charged me 90 cordobas a night for a room with a private bathroom. At
about 17 cordobas equalling one dollar, that works out to about $5.30
per night. If you were really determined, you could probably pay as
much as that for a really good restaurant entrée for one person. A
nice, cheap, filling breakfast will run you about 20 cordobas. The
internet cafés where I get email, read news, and send my blog updates
charge 10 cordobas, or about 59 cents, per hour.

This would make it pretty easy for me to live like a rich person if I
wanted to. And in fact, the way I do live, and the things I have,
pretty much put me into the category of very rich regardless of what I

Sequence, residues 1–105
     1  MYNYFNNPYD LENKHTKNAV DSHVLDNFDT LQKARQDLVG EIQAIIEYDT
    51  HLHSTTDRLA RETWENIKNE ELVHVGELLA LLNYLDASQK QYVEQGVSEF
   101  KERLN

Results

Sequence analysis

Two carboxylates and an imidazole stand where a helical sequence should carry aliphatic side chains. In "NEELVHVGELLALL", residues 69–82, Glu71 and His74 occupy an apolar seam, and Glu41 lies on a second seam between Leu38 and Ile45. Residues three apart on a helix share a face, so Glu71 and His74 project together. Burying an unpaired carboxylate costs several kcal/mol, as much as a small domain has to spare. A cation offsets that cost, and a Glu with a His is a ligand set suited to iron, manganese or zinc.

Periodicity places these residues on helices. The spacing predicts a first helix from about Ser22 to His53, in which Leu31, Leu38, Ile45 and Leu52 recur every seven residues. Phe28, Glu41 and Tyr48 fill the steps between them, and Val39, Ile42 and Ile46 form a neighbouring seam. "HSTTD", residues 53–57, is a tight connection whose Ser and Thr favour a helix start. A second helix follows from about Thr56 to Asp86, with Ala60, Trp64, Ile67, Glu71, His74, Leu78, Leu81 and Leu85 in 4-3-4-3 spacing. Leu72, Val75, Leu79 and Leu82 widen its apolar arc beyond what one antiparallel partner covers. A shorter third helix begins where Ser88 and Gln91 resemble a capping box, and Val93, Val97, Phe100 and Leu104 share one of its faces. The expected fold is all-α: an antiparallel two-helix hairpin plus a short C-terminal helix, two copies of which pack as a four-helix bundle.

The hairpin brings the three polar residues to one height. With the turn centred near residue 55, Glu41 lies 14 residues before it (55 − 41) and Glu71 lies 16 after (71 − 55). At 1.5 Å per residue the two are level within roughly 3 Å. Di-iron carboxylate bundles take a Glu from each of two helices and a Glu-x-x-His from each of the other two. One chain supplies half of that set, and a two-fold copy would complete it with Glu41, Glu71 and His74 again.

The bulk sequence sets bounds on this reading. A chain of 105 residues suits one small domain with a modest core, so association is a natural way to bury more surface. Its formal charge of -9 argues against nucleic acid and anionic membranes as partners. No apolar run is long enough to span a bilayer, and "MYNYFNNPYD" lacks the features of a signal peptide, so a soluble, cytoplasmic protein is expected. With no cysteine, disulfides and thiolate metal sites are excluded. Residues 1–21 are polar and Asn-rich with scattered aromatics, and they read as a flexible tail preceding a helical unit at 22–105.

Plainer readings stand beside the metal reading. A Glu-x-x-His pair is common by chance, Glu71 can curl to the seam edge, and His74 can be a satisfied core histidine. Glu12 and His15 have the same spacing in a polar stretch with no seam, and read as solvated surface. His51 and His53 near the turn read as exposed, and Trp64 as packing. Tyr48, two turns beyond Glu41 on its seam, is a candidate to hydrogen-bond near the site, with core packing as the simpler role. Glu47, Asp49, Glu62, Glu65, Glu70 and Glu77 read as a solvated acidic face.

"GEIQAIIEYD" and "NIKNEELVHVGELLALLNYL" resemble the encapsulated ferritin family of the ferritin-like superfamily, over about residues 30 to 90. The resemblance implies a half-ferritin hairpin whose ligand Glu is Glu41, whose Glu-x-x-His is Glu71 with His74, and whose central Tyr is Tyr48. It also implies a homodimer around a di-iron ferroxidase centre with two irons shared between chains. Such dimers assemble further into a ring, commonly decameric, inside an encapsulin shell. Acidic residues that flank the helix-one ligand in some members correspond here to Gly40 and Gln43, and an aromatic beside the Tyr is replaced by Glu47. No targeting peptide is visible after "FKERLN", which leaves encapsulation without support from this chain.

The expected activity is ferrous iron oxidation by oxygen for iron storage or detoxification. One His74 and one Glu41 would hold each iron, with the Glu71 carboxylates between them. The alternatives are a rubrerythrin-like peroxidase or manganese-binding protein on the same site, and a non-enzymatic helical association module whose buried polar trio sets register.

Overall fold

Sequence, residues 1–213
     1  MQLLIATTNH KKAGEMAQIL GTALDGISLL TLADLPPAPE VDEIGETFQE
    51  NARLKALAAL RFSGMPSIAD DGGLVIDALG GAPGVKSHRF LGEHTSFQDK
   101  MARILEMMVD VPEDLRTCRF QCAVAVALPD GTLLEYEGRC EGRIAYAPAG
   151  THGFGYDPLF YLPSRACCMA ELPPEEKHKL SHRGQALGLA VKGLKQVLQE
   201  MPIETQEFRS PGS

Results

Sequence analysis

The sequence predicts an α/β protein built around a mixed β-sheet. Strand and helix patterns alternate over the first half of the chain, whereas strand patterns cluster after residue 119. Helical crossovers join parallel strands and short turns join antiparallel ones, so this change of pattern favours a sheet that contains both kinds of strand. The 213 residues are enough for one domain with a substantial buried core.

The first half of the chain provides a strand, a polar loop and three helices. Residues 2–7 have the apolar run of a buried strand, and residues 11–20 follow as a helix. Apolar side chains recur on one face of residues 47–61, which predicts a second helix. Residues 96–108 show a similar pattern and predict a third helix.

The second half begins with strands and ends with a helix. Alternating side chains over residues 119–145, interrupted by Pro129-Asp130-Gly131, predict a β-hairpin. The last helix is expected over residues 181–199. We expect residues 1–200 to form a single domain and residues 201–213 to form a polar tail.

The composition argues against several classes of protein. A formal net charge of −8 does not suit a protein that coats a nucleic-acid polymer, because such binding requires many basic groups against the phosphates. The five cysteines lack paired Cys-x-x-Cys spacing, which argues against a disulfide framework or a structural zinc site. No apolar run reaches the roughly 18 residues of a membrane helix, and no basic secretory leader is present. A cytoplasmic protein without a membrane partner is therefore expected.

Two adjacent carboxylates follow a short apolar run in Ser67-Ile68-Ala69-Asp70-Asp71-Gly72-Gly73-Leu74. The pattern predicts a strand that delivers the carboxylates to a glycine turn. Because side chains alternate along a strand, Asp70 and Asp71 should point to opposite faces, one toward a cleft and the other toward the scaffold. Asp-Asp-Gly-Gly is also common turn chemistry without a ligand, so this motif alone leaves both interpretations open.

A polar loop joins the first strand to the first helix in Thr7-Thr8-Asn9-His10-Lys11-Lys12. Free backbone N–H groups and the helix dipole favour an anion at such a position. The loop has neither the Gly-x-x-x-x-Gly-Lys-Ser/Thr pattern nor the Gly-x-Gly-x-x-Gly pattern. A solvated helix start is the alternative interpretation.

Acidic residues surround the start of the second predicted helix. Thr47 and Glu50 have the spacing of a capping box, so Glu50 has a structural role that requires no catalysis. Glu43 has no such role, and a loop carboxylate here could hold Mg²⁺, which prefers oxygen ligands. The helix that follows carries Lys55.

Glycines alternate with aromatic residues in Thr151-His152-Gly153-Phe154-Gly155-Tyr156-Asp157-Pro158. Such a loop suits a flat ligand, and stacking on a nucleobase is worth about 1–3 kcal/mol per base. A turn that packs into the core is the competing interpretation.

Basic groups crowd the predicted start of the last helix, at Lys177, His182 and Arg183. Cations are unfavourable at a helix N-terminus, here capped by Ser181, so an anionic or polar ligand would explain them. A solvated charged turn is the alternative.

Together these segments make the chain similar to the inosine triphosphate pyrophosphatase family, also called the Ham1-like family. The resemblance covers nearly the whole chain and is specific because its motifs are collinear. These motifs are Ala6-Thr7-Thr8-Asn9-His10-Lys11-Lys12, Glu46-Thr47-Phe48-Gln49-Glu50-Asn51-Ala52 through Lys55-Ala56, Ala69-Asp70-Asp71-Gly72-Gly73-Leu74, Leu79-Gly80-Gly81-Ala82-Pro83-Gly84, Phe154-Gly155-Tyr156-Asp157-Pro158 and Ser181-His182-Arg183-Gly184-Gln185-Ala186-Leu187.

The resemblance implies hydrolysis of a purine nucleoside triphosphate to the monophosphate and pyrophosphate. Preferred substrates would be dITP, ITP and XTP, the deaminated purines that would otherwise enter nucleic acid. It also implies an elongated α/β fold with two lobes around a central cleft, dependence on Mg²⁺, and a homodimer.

want. For example, I have a cell phone, and a computer, and a watch,
and of course I have just bought a motorcycle. And people here are
not shy, ever, to anyone, about asking what things cost, or how much
they paid for something. At first this horribly embarassed me, as I
tried to figure out whether to lie, or to wildly justify owning things
(I only have this because it was a gift!), or what, in fact, to do. I
have gotten used to it lately, have stopped trying to lie, and have
acquired a much better memory for prices, out of necessity.

This economic difference has made for some weird and uncomfortable
social dynamics. For example, when I go to a restaurant with a
middle-class family that I am friends with, do I let them pay for me,
as they often insist? (Answer: yes, when they propose we go to the
restaurant. But then I invite them and pay the next time.) When I go
to visit a poor family in the campo, and they bring me a huge plate of
food without asking, do I 1) Try to pay them, running the risk of